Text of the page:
"It's more an assessment of the fine work our journalistic establishment is capable of in this day and age," he offers blandly. "Of course, I'd also like to wager a small sum on the fact that you know the altercation took place three doors down from the room Mr. Rogers and Mr. Stark occupied yesterday evening, and that the fire that was started there seemed to have been the work of an amateur arsonist, perhaps with ties to the local Sheep Party movement."
Everhart narrows her eyes. "Of course."
"I'd also warrant that, being an investigative journalist of the highest caliber, you already know that Mr. Rogers smelled the fire, located the room in which it had been set, and extinguished it with the hotel's own equipment before innocent people were hurt. He's a genuine American hero."
"Right." She smiles at him just a little. "And the porter?"
"Mr. Rogers and Mr. Stark always carry their own bags." He smiles politely while tracking the young staffer who's entered by the rear door, and who's favoring his left leg over his right. "If you'll excuse me, I really should find Mr. Walker's campaign director. We have some logistics we should go over."
Phil smiles tightly and walks across the empty hall at his usual pace.
Angela Carlisle, Walker's chief of staff, sees him coming. She holds up her hand as if he's an errant cyclist who needs traffic school. "I don't talk to underlings, Coulson. It's Potts or no one."
"Absolutely," he agrees, and walks right past her, grabbing the shoulder of the limping staffer, who's standing behind her by now. "Excuse me. Do you have identification?"
"What? I don't work for you, man – "
It's a giveaway. Phil jabs three fingers into the man's brachial plexus, then his kidney, then kicks out the back of his knees so that he crumples weakly to the floor. Covering his hand with the pristine handkerchief he keeps in his pocket, Phil reaches into the man's pants and pulls out a syringe filled with pale blue liquid.
"Probably meant for Walker," Phil says to Carlisle. "But don't take that from me. Call Ms. Potts, by all means." And he walks away.
The rest of the day is your typical, run-of-the-mill, ordinary campaign day – someone tries to hurl an actual cannonball at the stage during the debate, but forgets they're not Thor, and pins themself under it; Tony throws his arm around Phil's shoulder and calls him his special peanut butter cookie; Phil does not kill him. There are six small security threats at the campaign headquarters in Brooklyn, and three large ones at the Chicago, Miami, and Santa Fe offices. Two people mail threats in actual envelopes, seventeen send packages, and four hundred send emails without hiding behind any kind of proxy server. The idiocy is astounding. Darcy tries to install Hello Kitty seat covers in Phil's rental car, and an intern falls to pieces when someone asks her if she could locate the press release on deep-sea fishing. Phil's the only one who remembers her history with tuna. He briefs Rogers on Serbia, Cape Town, and Dubai. There are chicken wings for dinner.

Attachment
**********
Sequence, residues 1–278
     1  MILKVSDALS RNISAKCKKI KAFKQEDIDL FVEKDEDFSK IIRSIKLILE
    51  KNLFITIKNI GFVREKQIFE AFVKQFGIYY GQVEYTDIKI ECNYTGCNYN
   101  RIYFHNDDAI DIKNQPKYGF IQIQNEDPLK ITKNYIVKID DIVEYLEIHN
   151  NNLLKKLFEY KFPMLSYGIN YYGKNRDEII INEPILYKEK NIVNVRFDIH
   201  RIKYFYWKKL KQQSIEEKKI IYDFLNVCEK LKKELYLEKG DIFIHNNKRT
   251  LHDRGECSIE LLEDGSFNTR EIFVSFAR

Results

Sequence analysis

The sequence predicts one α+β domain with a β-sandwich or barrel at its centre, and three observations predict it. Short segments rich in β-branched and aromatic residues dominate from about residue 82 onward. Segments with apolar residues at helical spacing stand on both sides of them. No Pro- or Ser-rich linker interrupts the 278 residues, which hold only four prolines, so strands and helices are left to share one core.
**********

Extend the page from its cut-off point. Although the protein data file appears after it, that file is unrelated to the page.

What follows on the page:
They're headed to Solon the next day, so Phil heads out before the last event is done, reaches the motel off Highway 1 just after eleven. There's a light on in the room he's been assigned, and he smells gunpowder when he reaches the door, just a little heavy on the potassium nitrate. It's familiar, almost comforting, and he isn't surprised when he opens the door and finds Clint doing a handstand between the bed and the television.
"How long?" he asks, shutting the door and deadbolting it behind him.
"Forty-seven minutes," Clint replies.
Phil sets his bag on the bed and pulls out tomorrow's suit, his shirt, his tie, and a clean pair of shorts. He shrugs out of his jacket, unfastens his watch, lays it and his phone on the beside table. Only then does he round the bed to where Clint's still in his handstand and sit crossed-legged on the carpet in front of him.
"When this is over, I'm going to a cabin at an undisclosed location, and no one will be able to find me," he says.
"I know," Clint says. "I co-signed the deed, you idiot."
Phil smiles at him. "Just reminding you."
"C'mere," Clint says softly, and Phil leans in, kisses Clint while he's still upside down. It's not the weirdest way they've kissed, or the strangest place – there are no high winds, for a start, and right now no one's trying to dematerialize their brains – it's lazy, and soft, and just a little dirty.
"I'm gonna shower," Phil says when they break apart. He thinks he might be flushed.
"I'm gonna do this for seventeen more minutes," Clint replies.
"Okay." And Clint gives him an upside-down smile, and Phil feels suddenly, wholly, and marvelously like he's the luckiest man alive.